Research has shown that jurors are heavily influenced by secondary confessions, and that they may attribute the informant’s motives to good character rather than to an incentive. This study investigated the role of race in this context by manipulating both defendant and informant race (Black/White), informant type (jailhouse/civic duty), and whether the informant received an incentive to testify. Participants read a trial transcript and provided a verdict, then answered questions about the informant’s reason for testifying (i.e. attributions). We observed that in the absence of informant testimony, participants convicted the White defendant more often. We also discovered an effect of incentive on verdicts when the defendant was White, such that participants voted guilty less often when the informant received an incentive; there was no effect of incentive on verdict when the defendant was Black. Informant race, defendant race, and incentive showed a combined effect on verdict, such that participants were particularly suspicious (i.e. less likely to vote guilty) when a Black informant received an incentive for testifying against a Black defendant. There were no effects of race on attributions. This research sheds light on extralegal factors that can prevent jurors from considering the role of incentives in secondary confessions.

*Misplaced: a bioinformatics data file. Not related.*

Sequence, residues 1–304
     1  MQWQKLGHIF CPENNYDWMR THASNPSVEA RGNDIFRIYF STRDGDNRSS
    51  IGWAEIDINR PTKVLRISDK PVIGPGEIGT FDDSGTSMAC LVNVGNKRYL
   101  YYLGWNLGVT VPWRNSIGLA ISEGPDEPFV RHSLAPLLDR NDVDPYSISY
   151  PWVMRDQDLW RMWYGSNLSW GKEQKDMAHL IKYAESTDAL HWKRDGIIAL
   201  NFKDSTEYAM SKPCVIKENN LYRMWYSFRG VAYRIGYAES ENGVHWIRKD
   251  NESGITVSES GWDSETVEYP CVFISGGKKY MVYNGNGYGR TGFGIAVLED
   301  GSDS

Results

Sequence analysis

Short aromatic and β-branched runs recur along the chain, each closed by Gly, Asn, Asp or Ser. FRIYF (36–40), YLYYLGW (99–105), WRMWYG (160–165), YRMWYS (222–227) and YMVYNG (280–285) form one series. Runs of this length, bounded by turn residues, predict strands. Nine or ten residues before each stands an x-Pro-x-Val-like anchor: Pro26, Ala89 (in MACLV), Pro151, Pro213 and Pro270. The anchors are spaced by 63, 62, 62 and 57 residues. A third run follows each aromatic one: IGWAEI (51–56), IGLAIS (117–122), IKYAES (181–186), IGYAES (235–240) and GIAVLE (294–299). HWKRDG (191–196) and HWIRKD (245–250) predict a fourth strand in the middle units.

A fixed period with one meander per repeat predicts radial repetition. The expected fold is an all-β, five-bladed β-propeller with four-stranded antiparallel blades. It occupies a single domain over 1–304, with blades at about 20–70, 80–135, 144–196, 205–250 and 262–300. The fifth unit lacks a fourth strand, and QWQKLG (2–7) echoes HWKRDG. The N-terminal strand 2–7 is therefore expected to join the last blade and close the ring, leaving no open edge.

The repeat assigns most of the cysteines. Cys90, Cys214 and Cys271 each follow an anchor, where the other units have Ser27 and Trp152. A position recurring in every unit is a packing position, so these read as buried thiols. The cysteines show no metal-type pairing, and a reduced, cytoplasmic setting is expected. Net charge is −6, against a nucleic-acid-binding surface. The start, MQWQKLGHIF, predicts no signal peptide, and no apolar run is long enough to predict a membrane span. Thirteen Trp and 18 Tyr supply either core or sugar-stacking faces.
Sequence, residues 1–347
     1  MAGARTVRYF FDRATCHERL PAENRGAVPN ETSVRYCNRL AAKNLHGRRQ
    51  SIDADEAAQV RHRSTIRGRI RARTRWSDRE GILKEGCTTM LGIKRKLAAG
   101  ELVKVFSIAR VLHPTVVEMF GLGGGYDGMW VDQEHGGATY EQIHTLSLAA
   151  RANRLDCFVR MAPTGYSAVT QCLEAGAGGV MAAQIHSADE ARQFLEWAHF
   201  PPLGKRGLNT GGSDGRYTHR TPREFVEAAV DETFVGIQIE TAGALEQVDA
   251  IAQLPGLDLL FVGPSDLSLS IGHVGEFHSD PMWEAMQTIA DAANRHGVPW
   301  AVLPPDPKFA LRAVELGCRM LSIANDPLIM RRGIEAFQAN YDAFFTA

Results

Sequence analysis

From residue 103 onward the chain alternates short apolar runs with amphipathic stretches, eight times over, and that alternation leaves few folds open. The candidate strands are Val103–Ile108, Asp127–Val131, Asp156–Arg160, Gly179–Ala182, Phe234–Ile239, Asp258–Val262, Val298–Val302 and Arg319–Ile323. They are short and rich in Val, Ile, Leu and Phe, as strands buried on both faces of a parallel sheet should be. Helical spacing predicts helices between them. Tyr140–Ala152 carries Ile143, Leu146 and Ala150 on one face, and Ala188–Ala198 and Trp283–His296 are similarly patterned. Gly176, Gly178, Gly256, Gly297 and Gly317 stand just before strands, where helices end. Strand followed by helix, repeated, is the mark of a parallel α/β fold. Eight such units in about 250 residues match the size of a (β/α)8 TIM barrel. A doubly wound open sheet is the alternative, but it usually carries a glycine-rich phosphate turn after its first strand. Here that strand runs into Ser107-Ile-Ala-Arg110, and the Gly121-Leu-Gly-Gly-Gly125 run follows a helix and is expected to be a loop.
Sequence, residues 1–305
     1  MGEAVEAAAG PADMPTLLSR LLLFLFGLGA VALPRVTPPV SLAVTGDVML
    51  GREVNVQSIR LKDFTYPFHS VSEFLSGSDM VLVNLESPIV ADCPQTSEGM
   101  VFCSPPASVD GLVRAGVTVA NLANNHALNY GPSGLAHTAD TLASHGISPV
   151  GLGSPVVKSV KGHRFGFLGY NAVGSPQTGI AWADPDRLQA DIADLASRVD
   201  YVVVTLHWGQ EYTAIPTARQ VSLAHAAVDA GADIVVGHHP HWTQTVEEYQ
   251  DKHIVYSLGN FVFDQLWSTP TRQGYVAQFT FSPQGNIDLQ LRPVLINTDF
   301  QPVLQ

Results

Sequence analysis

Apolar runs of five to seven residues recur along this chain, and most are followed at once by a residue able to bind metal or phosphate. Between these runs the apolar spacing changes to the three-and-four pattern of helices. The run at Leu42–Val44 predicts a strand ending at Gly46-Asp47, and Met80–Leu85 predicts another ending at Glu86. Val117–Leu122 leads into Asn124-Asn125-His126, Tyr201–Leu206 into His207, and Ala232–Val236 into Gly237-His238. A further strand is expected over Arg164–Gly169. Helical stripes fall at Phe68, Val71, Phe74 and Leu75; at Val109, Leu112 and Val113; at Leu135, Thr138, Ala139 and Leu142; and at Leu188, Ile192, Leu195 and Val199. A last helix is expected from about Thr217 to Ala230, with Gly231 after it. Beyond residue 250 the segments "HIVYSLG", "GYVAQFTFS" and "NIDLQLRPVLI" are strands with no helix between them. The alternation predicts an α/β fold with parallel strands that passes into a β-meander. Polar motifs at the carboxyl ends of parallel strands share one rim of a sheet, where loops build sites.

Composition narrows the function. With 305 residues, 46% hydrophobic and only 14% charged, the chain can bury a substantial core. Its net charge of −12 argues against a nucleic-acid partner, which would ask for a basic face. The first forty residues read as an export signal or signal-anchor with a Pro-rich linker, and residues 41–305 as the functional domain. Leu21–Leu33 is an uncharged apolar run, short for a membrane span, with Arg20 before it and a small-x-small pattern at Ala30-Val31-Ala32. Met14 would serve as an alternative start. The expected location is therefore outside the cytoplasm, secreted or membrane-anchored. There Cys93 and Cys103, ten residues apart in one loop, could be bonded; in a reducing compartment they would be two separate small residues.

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Keywords incentives, informants, juror decision-making, race, Secondary confessions
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Journal Psychology, Crime and Law
Maeder, E.M, & Yamamoto, S. (Susan). (2017). Attributions in the courtroom: the influence of race, incentive, and witness type on jurors’ perceptions of secondary confessions. Psychology, Crime and Law, 23(4), 361–375. doi:10.1080/1068316X.2016.1258473